What Does it Mean to be a Personal Representative?
At the simplest level, a Personal Representative (PR) is responsible for collecting all the assets of the estate of someone who has died and then paying that person's debts. At the end of that process, any remaining assets can be distributed to heirs. Sometimes, people are confused by the word "estate" and think that the term applies only to the very wealthy. An estate is just what you own. Many people have simple estates with a car or two, a house and some bank accounts. Generally, tidying up a small estate is an easy process that a reasonably-organized person can handle.
You can be nominated to serve as PR in a person's will or you can nominate yourself to serve if a person dies without a will. When there is no will, a relative or friend can go to the courthouse in the county where the deceased person lived, present a certified copy of the death certificate, and ask to be nominated as Personal Representative. In Wisconsin, the probate courts prefer that the PR be a Wisconsin resident.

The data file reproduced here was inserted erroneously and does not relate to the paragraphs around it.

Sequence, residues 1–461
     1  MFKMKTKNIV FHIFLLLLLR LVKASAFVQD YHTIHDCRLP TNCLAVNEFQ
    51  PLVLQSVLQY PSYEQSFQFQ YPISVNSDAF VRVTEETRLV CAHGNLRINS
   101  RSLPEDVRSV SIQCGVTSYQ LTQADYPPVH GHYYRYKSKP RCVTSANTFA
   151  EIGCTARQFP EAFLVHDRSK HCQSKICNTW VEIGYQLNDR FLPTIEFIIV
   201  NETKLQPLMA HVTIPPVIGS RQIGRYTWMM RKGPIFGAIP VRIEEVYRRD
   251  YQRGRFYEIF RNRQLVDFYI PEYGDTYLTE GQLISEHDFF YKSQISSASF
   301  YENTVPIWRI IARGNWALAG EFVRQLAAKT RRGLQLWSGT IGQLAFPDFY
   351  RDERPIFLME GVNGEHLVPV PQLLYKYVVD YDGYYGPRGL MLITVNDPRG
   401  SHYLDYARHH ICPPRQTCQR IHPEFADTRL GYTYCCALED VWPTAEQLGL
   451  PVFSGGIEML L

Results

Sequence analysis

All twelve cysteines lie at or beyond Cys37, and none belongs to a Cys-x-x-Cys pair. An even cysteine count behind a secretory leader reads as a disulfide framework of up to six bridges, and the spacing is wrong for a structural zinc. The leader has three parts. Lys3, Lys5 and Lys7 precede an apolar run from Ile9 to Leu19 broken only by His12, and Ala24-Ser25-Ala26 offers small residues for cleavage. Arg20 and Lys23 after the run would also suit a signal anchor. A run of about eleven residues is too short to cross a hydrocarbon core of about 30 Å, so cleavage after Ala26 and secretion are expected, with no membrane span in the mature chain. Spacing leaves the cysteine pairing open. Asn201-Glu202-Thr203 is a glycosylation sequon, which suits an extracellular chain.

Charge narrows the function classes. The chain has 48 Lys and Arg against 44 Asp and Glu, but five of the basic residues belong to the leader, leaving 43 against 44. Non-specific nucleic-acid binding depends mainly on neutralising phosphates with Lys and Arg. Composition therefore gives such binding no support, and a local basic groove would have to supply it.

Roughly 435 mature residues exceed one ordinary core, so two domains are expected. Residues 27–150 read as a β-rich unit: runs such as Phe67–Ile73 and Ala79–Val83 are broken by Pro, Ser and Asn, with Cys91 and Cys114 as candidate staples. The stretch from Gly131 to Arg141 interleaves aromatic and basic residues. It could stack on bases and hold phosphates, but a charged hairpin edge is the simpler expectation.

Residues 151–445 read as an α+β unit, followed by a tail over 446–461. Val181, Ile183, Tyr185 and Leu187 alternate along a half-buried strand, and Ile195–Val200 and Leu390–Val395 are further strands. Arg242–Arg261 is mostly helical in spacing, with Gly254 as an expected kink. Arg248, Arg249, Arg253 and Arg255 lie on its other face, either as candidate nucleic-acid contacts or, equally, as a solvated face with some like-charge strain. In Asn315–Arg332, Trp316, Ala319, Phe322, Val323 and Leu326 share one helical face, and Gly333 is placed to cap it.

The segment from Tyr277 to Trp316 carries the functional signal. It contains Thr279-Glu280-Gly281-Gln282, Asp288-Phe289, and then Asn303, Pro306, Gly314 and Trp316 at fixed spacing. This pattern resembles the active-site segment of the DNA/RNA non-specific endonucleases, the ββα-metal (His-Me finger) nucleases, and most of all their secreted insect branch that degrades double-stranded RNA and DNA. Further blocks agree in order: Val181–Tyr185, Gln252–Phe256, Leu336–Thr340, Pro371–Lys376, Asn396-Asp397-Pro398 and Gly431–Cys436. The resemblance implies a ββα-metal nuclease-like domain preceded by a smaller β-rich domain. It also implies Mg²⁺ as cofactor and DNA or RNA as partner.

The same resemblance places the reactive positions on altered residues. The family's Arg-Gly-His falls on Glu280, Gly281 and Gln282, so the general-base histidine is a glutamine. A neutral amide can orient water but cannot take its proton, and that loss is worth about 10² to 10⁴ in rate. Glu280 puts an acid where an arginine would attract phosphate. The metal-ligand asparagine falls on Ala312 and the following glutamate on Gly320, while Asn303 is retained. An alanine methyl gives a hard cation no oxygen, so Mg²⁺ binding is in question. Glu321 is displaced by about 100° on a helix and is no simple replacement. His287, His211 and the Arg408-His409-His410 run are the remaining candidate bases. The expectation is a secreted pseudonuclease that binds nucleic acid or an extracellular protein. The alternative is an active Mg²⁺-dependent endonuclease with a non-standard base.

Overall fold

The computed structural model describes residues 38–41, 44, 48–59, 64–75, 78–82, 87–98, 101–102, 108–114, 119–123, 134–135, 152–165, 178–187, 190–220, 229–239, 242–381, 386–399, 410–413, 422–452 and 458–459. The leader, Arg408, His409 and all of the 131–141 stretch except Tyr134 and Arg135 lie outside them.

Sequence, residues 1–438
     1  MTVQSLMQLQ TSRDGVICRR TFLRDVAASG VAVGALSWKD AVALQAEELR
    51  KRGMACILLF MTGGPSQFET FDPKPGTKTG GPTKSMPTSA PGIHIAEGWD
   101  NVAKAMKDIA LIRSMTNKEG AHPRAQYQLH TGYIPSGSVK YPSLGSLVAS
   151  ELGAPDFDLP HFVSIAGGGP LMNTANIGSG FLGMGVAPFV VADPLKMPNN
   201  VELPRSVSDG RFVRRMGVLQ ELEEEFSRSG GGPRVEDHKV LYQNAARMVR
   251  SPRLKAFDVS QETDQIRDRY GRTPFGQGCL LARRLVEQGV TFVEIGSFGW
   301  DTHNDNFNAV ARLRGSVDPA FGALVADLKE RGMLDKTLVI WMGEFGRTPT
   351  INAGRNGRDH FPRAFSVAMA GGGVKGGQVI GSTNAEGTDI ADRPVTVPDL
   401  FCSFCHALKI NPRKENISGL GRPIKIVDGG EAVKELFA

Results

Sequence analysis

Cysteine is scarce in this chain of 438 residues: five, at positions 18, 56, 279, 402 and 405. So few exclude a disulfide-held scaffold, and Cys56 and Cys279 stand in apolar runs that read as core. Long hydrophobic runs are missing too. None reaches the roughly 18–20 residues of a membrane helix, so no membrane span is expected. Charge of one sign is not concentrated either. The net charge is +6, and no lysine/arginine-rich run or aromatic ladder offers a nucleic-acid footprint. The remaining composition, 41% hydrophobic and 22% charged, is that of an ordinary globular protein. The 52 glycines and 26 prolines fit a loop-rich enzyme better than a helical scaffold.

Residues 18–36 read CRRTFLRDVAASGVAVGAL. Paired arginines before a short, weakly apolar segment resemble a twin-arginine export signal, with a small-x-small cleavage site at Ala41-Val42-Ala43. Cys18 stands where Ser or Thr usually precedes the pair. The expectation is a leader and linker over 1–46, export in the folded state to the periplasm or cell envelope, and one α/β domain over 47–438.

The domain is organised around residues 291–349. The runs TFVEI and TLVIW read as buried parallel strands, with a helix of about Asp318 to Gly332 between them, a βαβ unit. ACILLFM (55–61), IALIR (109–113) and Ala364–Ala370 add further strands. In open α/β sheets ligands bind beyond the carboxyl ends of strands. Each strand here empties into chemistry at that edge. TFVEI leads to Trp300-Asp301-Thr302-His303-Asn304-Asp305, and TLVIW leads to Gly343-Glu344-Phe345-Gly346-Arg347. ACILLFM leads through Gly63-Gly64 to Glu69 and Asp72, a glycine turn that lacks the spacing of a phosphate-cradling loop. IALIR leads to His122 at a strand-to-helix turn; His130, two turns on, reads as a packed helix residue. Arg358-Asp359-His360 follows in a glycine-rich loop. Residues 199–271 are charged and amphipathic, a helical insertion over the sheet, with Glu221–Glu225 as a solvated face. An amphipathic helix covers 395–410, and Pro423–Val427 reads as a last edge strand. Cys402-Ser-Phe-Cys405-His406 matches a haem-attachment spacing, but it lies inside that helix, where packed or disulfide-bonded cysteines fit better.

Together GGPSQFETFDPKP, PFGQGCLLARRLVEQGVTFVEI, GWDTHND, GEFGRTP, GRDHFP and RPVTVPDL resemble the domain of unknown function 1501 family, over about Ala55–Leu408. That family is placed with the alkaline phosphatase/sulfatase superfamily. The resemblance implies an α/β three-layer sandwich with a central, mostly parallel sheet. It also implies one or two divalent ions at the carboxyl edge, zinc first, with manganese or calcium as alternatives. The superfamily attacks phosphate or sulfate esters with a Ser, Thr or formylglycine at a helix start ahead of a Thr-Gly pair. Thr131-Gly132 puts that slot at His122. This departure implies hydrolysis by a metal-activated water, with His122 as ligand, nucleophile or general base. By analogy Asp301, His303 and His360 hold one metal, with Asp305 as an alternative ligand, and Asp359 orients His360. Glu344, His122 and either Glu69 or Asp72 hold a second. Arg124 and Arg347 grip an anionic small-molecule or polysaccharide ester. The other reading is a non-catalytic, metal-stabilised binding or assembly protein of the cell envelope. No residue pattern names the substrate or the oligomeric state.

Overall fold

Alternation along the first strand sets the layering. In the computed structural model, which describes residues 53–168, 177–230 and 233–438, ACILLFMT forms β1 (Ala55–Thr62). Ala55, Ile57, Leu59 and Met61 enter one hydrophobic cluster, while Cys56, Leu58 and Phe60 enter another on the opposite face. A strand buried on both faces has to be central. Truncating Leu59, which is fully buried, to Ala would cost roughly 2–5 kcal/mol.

The PR has a duty to act in a trustworthy manner and must submit various documents to the Probate Court under deadlines set by the court. Fortunately, if a PR needs help from an accountant or an attorney, he or she can hire the needed help and charge the estate. While a PR can also charge for time, many PRs do the job for free or for very little in order to save money for the estate. Acting as PR can be thought of as a final gift to a deceased person because it can preserve more money to fulfill a person's final wishes.